Over the last 4 years, my work has been dedicated to data, to the process of collecting it. When I worked on a political campaign, I was sitting on the street, with an agenda – to pick my candidate, what can I say to convince you. Now as the artist, I wanted to go back to that street corner with no agenda- to really have a conversation with someone about their politics, about their life choices, about what they were not giving enough time to think about. More importantly I wanted to show them they were not just a cog in a wheel spinning round and round, but an individual with a voice that would be represented. That by sharing their time with me, I would give back to them.

Drawing Model for Sculpture

The artist holds a certain amount of sincerity, because they generally have nothing to gain in manipulating the public, except exposing certain insecurities or truths about ourselves or society or the world. Artists operate to prod and ask questions rather then guarantee solutions and provide policy-like strategies to contemporary issues.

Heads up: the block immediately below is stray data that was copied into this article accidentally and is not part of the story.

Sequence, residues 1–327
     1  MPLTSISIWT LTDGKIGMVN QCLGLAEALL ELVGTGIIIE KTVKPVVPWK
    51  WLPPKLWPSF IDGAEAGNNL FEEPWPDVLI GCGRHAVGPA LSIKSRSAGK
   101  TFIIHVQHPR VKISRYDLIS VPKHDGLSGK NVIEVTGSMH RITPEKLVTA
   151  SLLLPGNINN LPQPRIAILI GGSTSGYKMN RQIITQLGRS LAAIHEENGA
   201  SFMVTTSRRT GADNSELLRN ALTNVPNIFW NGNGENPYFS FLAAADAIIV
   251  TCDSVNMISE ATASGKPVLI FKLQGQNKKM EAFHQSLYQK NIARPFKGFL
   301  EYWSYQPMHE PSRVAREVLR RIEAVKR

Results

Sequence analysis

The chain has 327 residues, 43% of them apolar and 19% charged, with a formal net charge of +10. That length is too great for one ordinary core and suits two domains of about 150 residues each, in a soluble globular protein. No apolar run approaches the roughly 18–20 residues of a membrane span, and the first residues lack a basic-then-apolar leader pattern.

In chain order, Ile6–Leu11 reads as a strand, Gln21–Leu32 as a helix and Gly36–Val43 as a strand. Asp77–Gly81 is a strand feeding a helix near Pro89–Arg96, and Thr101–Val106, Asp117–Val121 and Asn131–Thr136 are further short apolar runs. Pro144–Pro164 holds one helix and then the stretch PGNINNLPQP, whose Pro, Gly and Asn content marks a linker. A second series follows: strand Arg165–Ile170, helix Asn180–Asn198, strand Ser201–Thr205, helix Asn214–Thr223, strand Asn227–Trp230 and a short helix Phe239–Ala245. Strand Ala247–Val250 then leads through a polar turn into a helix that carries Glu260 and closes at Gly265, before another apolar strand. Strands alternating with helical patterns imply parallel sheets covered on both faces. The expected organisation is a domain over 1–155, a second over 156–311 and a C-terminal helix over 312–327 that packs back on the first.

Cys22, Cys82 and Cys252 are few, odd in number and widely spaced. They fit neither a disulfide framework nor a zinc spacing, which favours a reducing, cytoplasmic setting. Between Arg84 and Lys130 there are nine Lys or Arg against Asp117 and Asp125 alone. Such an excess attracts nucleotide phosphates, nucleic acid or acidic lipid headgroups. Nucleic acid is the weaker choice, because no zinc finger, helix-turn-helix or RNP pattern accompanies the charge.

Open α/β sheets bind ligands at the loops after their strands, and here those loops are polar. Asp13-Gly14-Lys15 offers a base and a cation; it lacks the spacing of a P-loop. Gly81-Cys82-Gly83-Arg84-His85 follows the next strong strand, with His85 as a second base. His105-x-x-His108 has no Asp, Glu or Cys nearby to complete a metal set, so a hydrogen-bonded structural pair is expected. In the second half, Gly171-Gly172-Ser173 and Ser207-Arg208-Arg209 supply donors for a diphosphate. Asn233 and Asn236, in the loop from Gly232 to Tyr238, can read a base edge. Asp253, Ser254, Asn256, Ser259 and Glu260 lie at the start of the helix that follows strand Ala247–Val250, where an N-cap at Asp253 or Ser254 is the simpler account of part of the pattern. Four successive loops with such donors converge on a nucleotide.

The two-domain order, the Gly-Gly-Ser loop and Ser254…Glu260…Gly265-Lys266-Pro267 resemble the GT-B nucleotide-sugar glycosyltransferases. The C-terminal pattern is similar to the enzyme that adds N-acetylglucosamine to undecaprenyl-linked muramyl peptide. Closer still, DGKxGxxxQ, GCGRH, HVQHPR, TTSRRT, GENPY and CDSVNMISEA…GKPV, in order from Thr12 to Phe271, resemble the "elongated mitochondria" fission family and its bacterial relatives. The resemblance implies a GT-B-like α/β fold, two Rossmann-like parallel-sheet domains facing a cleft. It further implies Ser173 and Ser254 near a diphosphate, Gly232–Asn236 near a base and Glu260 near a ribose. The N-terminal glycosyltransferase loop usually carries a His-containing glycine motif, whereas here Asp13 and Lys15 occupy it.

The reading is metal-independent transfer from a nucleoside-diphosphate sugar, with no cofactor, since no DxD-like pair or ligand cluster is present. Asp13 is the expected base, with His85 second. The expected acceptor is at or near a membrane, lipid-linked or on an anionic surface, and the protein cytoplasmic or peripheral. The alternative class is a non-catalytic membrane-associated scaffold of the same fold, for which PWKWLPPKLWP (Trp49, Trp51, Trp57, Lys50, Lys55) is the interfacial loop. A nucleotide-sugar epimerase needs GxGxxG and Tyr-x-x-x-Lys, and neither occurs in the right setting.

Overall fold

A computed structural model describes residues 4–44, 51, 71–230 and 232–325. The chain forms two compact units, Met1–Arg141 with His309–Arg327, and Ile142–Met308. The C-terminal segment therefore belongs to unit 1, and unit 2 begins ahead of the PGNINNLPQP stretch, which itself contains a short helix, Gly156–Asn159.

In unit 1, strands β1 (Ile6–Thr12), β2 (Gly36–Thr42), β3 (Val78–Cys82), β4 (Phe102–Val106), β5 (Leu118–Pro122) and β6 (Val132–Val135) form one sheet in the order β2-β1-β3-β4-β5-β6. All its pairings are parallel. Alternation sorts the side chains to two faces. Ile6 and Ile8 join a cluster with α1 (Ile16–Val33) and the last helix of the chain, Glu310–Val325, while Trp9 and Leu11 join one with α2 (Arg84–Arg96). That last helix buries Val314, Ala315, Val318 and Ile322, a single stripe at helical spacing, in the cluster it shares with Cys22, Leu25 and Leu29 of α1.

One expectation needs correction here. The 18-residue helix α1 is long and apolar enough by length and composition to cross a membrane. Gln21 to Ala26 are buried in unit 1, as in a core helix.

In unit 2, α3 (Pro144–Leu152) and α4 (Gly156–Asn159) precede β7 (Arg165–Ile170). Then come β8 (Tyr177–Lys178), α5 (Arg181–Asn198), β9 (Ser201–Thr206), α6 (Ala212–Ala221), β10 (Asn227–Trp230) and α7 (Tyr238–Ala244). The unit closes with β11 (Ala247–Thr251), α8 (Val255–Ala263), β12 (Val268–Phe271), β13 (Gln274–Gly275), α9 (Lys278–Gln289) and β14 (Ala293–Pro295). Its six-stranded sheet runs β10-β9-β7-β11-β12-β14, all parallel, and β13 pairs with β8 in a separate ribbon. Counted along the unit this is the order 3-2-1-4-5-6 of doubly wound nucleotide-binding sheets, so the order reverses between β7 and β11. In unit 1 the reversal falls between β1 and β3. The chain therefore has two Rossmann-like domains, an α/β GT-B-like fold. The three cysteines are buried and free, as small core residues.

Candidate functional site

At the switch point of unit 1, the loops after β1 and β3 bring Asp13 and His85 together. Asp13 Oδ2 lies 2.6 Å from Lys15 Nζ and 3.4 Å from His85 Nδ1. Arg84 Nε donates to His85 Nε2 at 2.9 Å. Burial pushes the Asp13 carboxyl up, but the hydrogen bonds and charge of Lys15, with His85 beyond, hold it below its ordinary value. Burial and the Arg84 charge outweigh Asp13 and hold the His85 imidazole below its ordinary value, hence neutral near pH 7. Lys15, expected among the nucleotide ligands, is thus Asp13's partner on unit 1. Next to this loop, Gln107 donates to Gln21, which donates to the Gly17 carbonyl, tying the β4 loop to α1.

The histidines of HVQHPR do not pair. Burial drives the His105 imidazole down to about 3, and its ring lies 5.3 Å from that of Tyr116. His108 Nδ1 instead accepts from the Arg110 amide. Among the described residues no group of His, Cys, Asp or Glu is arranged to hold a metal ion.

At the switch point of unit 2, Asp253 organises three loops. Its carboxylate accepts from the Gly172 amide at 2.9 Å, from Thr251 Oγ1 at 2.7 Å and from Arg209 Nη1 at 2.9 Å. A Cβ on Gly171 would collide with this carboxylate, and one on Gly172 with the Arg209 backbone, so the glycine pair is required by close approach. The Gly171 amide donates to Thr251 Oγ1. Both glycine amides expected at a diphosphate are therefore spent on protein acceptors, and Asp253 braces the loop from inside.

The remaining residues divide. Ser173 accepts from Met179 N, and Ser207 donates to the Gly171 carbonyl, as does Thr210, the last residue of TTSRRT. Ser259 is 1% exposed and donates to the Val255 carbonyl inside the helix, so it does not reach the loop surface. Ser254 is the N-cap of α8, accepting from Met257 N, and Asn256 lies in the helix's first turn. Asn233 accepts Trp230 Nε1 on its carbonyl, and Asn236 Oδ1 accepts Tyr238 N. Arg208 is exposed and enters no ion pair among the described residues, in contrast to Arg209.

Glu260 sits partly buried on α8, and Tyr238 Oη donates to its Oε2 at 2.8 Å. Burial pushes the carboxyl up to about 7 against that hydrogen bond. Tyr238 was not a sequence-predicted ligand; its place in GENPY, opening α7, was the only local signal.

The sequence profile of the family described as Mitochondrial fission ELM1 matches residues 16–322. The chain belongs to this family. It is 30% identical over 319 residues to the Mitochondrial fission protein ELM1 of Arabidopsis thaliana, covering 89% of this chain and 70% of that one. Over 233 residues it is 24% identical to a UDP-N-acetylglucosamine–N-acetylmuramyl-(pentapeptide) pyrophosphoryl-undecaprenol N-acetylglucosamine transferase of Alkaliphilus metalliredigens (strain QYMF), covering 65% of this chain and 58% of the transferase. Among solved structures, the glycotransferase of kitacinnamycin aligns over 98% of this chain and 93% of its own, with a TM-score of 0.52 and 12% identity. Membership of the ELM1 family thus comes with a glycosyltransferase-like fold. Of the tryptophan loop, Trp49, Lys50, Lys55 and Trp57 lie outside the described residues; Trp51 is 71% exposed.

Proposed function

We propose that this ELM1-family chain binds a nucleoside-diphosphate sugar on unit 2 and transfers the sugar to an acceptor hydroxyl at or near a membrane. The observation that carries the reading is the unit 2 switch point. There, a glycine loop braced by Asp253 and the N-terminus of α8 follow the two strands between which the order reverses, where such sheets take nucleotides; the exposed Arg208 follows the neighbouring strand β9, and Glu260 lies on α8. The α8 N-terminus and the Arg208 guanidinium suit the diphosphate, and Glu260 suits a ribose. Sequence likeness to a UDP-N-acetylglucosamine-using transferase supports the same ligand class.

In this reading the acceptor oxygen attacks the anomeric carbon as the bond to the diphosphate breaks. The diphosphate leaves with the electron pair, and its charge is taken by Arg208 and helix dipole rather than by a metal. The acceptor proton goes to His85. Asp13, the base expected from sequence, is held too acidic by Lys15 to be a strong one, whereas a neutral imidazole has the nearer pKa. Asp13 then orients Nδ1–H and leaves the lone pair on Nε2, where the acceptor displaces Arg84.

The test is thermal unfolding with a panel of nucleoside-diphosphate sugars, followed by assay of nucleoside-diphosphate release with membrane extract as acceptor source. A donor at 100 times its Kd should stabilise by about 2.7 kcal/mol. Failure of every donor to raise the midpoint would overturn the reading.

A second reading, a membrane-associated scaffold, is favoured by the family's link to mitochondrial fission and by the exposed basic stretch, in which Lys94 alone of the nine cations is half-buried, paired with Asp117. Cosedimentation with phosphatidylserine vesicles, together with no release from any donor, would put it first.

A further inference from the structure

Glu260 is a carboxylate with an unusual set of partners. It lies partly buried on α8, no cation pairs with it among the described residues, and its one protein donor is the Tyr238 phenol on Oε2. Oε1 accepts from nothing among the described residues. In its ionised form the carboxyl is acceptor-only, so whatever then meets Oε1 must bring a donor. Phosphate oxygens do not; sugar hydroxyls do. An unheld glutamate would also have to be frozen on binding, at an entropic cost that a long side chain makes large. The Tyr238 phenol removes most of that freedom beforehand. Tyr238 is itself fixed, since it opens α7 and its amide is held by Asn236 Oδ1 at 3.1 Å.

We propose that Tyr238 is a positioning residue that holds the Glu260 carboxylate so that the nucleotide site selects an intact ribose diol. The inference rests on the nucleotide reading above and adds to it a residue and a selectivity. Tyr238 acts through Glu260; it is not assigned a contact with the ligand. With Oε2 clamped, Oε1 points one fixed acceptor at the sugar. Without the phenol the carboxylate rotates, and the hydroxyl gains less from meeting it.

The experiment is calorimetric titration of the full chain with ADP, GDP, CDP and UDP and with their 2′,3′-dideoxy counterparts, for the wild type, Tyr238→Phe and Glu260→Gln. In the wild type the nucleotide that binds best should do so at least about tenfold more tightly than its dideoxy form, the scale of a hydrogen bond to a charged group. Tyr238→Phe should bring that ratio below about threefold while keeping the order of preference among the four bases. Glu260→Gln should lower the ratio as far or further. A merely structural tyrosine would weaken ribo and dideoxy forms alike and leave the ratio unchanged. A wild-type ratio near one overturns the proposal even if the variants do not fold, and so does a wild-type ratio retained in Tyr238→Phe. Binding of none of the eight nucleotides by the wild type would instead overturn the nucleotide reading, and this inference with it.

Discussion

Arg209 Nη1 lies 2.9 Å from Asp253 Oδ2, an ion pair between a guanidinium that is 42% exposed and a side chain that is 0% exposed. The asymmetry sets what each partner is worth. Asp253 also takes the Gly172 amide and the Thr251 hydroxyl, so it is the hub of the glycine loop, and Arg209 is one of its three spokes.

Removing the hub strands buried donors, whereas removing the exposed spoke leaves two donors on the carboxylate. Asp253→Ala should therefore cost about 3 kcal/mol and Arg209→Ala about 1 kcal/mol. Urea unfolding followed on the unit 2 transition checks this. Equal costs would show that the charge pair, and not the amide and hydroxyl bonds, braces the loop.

It is wrong to think that art can fix poverty or fix crime – but I firmly believe it can improve safety, it can voice concerns that are being oppressed or not discussed, it can coax individuals out of apathy and help society engage with a more meaningful way of life.

Drawing Model for Sculpture

What’s next for you?
I am currently working on a few different projects. Recently I have commissioned by Culture 24 to work with the Newcastle Discovery Museum, to create a work for Museum Night. A national event across the UK, many Museums stay open late for the weekend of May 17/18th and host engaging works. I will be working with the community to create a 30 foot chandelier created out of thousands of recycled plastic bottles, illustrating the geography of where in the region the community is from. It will all get created in 3 hours! (Other artists commissioned by Culture 24 are, Martin Creed, Gavin Turk, Chapman Brothers, Richard Wentworth and 4 others)